The greatest improvement ever made in this art was undoubtedly the invention of the large drawing-machine, which is driven by water, and in which the axle-tree, by means of a lever, moves a pair of pincers, that open as they fall against the drawing-plate; lay old of the wire, which is guided through a hole of the plate; shut as they are drawn back; and in that manner pull the wire along with them 1267. What a pity that neither the inventor nor the time when this machine was invented is known! It is, however, more than probable that it was first constructed at Nuremberg by a person named Rudolf, who kept it long a secret; and by these means acquired a considerable fortune. Conrade Celtes, who wrote about the year 1491, is the only author known at present who confirms this information; and he tells us that the son of the inventor, seduced by avaricious people, discovered to them the whole secret of the machinery; which so incensed the father that he would have put him to death, had he not saved himself by flight 1268. Von Murr, however, has not been able to find any proofs of this circumstance; and amongst the names of wire-drawers, which he met with in the records of Nuremberg, it appears that there must have been no Rudolf, else he would certainly have mentioned it. Doppelmayer 1269 , from mere conjecture, places Rudolf's invention in the year 1400; but Von Murr makes it older, because he found in the year 1360 the name Schockenzier, which signifies a person who works at wire-drawing.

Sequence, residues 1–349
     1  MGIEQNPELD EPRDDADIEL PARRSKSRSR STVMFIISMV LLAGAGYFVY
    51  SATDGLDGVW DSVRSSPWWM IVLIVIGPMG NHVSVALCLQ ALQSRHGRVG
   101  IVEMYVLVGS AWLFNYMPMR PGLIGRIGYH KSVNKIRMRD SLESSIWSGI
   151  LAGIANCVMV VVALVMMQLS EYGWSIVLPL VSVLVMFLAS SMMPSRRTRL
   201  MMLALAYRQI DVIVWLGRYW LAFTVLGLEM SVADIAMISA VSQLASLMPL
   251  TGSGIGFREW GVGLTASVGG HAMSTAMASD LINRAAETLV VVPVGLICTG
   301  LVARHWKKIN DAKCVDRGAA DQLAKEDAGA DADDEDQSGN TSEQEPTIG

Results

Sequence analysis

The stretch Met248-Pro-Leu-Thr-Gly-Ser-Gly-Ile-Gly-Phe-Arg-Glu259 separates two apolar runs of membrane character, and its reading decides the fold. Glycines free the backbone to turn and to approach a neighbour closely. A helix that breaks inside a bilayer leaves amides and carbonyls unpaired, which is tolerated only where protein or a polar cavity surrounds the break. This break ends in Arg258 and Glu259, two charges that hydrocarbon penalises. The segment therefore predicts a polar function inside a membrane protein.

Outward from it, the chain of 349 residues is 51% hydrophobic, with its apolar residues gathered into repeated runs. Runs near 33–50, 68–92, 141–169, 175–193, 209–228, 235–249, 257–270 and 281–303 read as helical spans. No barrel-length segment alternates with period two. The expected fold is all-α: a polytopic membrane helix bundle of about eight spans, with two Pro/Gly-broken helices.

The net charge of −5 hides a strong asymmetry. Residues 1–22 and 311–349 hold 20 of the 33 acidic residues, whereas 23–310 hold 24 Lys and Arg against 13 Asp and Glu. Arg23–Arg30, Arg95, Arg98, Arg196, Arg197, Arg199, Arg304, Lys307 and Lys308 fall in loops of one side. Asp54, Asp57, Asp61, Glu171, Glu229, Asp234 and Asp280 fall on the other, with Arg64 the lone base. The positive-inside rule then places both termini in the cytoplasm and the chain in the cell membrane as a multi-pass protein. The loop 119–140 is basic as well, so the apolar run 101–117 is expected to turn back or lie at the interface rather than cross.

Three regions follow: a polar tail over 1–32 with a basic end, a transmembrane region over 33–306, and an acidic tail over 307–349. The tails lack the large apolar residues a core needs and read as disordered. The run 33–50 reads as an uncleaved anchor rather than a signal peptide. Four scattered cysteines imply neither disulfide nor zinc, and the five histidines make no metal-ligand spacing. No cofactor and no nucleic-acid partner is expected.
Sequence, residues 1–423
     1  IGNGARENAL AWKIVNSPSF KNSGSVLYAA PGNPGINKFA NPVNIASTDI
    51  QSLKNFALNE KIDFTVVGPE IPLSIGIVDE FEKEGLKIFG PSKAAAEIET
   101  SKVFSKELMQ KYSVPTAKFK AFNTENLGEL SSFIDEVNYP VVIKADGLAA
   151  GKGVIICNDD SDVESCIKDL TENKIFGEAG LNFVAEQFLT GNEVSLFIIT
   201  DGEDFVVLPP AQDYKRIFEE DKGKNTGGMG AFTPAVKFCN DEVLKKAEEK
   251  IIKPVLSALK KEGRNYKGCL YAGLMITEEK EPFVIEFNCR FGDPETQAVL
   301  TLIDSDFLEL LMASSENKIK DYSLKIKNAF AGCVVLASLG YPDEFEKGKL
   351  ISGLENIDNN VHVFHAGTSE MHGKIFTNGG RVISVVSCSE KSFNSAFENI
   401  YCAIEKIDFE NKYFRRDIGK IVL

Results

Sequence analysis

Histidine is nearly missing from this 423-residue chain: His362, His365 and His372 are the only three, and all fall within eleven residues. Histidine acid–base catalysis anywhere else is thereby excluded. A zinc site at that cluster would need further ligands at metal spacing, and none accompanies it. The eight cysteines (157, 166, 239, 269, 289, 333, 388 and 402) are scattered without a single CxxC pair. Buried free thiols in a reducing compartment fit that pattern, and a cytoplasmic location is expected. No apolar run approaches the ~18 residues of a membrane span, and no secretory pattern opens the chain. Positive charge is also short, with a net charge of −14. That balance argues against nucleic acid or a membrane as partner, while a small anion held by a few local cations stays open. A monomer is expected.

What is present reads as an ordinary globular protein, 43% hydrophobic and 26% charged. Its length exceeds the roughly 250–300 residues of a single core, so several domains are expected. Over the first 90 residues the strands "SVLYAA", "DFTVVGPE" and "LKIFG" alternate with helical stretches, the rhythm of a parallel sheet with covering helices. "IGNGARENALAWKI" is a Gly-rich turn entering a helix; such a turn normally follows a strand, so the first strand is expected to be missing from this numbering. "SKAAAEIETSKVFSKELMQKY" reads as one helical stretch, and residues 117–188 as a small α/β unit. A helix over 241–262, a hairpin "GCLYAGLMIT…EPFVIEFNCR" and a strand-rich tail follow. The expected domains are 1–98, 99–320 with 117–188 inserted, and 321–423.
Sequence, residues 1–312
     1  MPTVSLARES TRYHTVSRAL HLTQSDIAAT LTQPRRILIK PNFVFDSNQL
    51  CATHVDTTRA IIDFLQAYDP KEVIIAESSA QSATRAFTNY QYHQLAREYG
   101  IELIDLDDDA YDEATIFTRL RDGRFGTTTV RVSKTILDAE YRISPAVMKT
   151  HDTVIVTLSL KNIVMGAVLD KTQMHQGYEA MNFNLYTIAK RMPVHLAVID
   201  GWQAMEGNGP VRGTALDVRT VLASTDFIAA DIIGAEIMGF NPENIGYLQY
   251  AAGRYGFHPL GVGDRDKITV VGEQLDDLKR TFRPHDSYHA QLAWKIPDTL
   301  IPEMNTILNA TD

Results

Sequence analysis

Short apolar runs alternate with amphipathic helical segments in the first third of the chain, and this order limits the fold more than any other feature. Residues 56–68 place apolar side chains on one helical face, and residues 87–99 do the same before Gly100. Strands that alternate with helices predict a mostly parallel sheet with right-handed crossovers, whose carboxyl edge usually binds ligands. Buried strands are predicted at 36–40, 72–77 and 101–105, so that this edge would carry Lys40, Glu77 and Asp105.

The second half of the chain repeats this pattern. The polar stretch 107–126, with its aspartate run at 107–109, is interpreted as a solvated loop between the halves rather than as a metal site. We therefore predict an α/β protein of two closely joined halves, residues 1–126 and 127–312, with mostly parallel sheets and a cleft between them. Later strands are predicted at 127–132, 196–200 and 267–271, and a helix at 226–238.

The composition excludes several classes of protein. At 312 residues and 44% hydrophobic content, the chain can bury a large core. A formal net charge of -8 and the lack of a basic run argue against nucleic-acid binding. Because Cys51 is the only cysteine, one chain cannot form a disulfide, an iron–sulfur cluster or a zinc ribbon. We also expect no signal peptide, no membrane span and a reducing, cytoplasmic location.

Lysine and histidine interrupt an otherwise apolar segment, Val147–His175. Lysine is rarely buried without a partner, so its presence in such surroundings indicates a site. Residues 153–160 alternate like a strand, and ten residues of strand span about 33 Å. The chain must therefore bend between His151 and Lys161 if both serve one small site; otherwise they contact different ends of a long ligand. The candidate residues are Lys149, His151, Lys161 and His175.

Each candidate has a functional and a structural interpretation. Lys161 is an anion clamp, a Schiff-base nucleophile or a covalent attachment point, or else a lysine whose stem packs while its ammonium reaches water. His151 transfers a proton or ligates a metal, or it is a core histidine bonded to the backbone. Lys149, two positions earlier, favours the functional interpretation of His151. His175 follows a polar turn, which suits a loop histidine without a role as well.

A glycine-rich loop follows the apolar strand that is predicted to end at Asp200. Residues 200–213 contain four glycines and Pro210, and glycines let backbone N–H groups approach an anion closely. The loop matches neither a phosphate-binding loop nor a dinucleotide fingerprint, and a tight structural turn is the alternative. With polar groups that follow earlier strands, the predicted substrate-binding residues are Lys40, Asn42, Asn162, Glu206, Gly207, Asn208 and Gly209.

This art, it appears, was brought to the greatest perfection at Nuremberg. Several improvements were from time to time found out by different persons, who turned them to their advantage, and who received exclusive patents for using them, sometimes from the emperor, and sometimes from the council, and which gave occasion to many tedious law-suits. We have, however, reason to believe that the finer kinds of work, particularly in gold and silver, were carried on with great success, above all, in France and Italy; and that many improvements were brought from these countries to Germany. I have not materials sufficient to enable me to give a complete account of the progress of the art of wire-drawing at Nuremberg; but it affords me pleasure that I can communicate some important information on this subject, which was published 1270  by Dr. F. C. G. Hirsching of Erlangen, taken from original papers, respecting the wire-drawing manufactory at Nuremberg 1271 , and which I shall here insert.